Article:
Students in Nigerian universities have stories to tell, but hardly anyone to tell them to. For our new weekly series, Aluta and Chill, we are putting the spotlight on these students and their various campus experiences.
As someone who spent about four years on a Nigerian campus, I know that it’s almost impossible to avoid stressful situations in a university. It’s almost like the institutions are set up to frustrate you over the bare minimum. For Aluta and Chill this week, I spoke to a couple of University of Nigeria students and got them to talk about a stressful experience they’ve had to deal with at the university.
Emmanuel — Being the class rep almost cost him a year
I had just gotten into the university and was so hyped about everything I was about to experience. When classes started, we held elections for the post of the class representative and I joined the race. I won, but it felt good only for a short time. The thing about being the class rep is that you become so busy helping others out that you forget that you have your problems too. I was caught up with helping other students out with lecturers, class schedules and those sorts of things that I didn’t put much thought into the fact that I hadn’t completed my first-year registration process. And if you miss the registration for the year, the chances that you will be kicked out of the school is pretty high.
When I eventually got started on it, it was almost too late. The funny thing about the whole thing was that only a few people were willing to help me out. I expected more from people because I was the rep, but sadly it didn’t work like that. By the time everything was ready, it was the last day of registration and the queues were so long. I had to beg the official in charge of registering students in my department to ensure that I got it done. It’s not an experience I like to remember. I got a lesson out of the whole mess though — I realised that I couldn’t kill myself. The first thing I did was leave my role as the class rep and I haven’t looked back since.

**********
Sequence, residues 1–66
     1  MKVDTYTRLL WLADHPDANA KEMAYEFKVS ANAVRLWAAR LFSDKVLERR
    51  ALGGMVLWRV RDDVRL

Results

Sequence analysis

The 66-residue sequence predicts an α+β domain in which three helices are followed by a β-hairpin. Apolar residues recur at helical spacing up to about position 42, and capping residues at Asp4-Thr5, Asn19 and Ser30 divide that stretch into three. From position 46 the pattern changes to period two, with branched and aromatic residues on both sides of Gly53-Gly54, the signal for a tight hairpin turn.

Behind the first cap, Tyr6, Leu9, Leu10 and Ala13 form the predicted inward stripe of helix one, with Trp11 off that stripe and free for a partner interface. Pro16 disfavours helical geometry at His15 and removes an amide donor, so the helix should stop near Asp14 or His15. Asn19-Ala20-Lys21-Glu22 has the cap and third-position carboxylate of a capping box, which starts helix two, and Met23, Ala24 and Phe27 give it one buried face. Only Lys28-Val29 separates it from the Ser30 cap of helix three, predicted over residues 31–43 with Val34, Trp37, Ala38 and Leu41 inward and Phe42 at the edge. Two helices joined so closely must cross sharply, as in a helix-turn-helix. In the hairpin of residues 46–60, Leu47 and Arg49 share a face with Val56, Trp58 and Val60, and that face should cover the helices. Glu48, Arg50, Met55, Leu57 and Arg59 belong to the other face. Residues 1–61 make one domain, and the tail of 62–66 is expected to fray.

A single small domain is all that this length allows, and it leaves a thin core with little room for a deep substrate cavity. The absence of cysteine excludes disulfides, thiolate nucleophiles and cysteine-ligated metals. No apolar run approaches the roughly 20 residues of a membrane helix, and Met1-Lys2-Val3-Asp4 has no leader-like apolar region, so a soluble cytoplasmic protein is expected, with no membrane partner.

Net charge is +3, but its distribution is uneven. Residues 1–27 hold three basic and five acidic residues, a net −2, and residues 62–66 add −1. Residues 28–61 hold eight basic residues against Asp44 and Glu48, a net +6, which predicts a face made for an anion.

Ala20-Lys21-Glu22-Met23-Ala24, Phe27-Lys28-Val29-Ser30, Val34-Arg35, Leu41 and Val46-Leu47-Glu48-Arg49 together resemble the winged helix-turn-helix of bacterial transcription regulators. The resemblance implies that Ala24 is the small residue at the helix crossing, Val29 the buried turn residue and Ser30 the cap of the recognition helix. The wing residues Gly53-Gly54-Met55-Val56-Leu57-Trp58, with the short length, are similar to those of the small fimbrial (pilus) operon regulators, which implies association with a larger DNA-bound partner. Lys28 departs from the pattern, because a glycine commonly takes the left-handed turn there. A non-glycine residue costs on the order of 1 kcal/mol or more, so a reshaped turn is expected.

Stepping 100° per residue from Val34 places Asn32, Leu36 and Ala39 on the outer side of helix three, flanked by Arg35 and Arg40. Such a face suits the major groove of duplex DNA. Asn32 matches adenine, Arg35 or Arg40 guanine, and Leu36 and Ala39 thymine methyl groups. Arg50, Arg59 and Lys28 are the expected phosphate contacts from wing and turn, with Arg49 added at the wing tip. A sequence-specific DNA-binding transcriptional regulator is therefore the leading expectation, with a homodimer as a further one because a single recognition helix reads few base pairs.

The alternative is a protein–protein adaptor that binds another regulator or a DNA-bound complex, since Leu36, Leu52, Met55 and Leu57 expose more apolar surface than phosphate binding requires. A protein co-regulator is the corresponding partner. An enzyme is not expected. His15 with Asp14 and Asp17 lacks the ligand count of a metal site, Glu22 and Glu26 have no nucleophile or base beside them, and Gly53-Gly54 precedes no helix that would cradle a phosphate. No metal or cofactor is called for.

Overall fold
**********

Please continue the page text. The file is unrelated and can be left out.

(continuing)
Zorle — Made a series of trips between two towns to get a list
I switched from the Department of Combined Arts to Law in my second year. I needed to transfer my school files from the campus in Nsukka to Enugu, where the law faculty is. The faculty officer was supposed to get a list of the transfer students, but for some reason, nobody sent it. And I didn’t know about this until I moved to Enugu. She wasn’t helpful and literally chased me out of her office. This kicked off back and forth trips between Nsukka and Enugu.
It was only a list and you would think that it shouldn’t be hard to get, but no, these people had other plans for me. At the Nsukka campus, the woman in charge kept me in her office for over 3 hours. When she finally remembered that I was there to get something, she told me that she had closed for the day. I had no choice but to travel back to Enugu.
For the next three days, I travelled between Enugu and Nsukka to make sure that I got this list. On the third day, I had grown so weary of the whole thing, and when it looked like she was going to leave me unattended to again, I braced myself, approached her and told her that I couldn’t go another day without getting what I needed. My little outburst worked, but it was late evening before I was done for that day.
I had nowhere to stay in Nsukka, so it was important to return to Enugu that night. I was stranded for hours before I got a vehicle to Enugu and I had to fight tooth and nail before I got myself a seat. I realised how broke the trips had made me. And how exhausted I was. By the way, I didn’t get the list on that day too — she asked me to come back. I broke down inside the bus and cried. That period was a really dark time for me. It wasn’t fun at all.
Jubilee — An exam held hours later than originally planned